15 tests our schools have to pass before they reopen

In order to open to more pupils, Oasis Community Learning says its schools will have to pass these 15 tests

Tes Editorial

Coronavirus: 15 safety tests for reopening our schools

This article was originally published by Steve Chalke on 26 May 2020 on tes.com/news. 

We are planning to reopen our primary schools from next Monday. Our goal: to cater for the priority children and years as identified by central government, wherever it’s safe to do so.

The safety of both our children and staff as we do this is, of course, our highest priority. That’s why we’ve developed a series of our own tests that we’re holding ourselves to account for before any Oasis academy can open (these tests are listed below).

Based around the development of our own in-depth planning tool, we’re working on an academy-by-academy basis to ensure that not only will we be fully compliant with government guidance, but also that on a number key points we will be tougher on ourselves.

We’ve also checked with our insurers to make sure that what we believe is our rigorous risk-assessment and decision-making process meets their standards.

Coronavirus: Plans for reopening schools

In practice, this means that of our 32 primary schools, 29 will be ready for reopening next Monday, with the other three ready to go within a week.

Surveying our parents around the country, around 40 per cent tell us they are considering bringing their children back to us from next week. Our task is clear; to build confidence, create trust and provide choice. It’s to be there for those who are ready to return, at the same time as ensuring that we never pressurise those who are not.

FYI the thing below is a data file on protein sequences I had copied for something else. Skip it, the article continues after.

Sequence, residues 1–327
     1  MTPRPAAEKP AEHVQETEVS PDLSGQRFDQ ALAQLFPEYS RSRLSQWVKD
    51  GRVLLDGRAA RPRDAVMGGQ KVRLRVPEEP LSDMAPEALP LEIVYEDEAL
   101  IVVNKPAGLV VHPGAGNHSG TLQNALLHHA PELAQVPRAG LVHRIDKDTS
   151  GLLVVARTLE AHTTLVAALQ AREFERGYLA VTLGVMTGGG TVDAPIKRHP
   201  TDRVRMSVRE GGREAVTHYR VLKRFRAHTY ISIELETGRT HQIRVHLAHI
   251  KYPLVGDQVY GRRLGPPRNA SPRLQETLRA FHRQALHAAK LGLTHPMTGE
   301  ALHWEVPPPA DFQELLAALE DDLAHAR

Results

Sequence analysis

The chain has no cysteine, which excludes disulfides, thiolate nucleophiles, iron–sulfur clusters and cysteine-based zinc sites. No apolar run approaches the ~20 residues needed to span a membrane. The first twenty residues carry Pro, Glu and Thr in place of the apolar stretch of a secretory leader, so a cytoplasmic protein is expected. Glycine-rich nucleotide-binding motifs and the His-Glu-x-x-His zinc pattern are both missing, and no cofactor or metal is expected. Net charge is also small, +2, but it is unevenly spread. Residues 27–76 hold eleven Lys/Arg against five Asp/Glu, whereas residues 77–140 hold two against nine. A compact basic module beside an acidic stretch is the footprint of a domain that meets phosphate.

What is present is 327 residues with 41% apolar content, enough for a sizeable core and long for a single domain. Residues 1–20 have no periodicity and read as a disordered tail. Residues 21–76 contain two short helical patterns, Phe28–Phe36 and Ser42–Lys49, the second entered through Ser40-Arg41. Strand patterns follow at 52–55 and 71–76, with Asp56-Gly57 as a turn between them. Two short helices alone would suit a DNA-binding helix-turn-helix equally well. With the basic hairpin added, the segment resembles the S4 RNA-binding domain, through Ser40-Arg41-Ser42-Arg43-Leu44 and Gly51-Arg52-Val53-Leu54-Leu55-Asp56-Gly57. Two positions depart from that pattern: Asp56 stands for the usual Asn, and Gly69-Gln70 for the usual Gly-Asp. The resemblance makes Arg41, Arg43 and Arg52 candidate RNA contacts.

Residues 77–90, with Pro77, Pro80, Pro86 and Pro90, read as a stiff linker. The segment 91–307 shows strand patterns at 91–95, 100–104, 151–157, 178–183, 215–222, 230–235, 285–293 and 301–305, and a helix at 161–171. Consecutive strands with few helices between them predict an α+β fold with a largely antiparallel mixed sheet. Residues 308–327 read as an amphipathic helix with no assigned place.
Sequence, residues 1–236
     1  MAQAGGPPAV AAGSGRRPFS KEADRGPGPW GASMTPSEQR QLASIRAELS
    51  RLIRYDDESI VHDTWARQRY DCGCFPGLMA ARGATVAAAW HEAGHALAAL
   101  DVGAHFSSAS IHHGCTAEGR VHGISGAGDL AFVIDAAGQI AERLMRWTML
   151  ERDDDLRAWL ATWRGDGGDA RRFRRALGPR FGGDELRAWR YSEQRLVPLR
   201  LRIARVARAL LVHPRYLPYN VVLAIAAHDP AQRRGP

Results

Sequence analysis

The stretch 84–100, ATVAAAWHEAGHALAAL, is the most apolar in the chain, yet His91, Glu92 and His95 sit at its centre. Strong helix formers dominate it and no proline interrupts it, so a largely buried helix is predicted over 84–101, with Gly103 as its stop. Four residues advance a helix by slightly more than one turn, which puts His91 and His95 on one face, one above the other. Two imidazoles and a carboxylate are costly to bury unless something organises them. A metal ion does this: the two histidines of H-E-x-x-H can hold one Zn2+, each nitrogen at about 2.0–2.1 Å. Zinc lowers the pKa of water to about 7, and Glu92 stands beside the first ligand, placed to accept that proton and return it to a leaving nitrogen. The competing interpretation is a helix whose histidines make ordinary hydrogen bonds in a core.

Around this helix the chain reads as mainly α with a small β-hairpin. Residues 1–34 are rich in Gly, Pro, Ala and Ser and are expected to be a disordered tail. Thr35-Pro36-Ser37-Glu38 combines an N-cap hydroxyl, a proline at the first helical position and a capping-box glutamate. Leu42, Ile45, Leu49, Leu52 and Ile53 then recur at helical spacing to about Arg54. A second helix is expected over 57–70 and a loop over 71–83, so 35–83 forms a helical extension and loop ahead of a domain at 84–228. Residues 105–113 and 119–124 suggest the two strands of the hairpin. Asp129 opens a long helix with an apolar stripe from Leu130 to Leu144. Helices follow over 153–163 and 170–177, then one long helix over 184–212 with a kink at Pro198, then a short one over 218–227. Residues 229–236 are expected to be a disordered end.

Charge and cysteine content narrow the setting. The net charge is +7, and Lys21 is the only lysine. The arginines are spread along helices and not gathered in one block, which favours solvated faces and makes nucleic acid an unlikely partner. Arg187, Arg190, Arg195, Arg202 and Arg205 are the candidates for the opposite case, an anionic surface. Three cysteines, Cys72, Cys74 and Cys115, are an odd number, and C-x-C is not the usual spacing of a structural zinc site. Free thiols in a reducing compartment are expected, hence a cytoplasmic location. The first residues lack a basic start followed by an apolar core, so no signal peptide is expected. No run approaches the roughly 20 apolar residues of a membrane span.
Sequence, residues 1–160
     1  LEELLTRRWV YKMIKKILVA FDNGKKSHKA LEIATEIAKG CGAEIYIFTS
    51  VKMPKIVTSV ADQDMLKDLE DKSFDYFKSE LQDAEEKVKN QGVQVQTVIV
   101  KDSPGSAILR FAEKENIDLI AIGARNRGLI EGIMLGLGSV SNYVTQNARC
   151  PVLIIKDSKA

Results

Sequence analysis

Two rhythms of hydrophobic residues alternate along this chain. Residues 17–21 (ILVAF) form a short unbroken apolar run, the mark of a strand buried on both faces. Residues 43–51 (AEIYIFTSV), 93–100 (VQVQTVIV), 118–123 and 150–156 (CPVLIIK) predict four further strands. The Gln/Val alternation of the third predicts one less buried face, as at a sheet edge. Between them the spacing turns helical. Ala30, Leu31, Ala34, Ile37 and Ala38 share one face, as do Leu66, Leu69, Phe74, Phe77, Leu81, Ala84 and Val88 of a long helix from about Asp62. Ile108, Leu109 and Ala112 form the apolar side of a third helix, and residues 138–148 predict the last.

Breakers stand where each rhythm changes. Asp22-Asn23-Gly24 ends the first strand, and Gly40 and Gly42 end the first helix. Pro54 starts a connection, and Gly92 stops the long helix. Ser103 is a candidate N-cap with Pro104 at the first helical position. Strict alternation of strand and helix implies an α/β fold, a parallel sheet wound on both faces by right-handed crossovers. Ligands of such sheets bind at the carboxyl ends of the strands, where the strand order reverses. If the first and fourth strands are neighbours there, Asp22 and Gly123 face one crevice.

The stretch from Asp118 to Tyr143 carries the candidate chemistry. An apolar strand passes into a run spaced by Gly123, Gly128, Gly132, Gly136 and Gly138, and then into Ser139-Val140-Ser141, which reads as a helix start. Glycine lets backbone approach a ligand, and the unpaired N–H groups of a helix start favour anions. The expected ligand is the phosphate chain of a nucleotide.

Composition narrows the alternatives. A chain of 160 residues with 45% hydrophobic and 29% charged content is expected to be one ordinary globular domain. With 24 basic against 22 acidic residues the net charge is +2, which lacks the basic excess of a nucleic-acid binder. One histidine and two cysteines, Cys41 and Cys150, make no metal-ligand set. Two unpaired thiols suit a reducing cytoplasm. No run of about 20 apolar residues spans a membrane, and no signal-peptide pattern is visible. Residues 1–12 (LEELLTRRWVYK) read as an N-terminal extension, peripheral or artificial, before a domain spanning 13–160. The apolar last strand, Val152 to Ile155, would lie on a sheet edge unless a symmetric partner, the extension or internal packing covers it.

Our hope, of course, is that as word spreads about the robust preparations we’ve put into place, confidence will build and the initial trickle of returning children will steadily become a stream until eventually we are able to welcome all our children and staff back.

Safety tests

So, here is what we’ve planned. Building on the experience gained through keeping many of our schools open over the past nine weeks to serve the children of key workers and some of our most vulnerable families, we will:

1. Check that the R rate (the coronavirus reproduction rate) equals less than 1 in the region where the academy is located.

2. Ensure that each Oasis school can safely run a social distancing model, calculated on the two-metre rule, with adequate numbers of staff. So desks, for instance, will be spaced two metres apart. That means we will cap our class sizes between four and seven children, depending on the classroom size, rather than the 15 maximum of government guidance.

3. Operate a rota system that will give all our children equal access to education at the same time as managing the numbers of children that our survey tells us might come back to school. The government’s guidance is not in favour of using a rotation system, but we believe it is the only practical way for us to make any of our buildings compatible with proper social distancing and provide us with the space to manage returning children in a safe way.

4. Add to the safety of the environment through changing the classroom layout, staggering break times and putting one-way circulation routes in place wherever possible, as well as ensuring that our children spend the whole day in their small groups or "Bubbles".

5. Make certain that no staff or children attend if they have symptoms of coronavirus, or live in a household with anyone who has coronavirus symptoms, or with anyone who is shielding.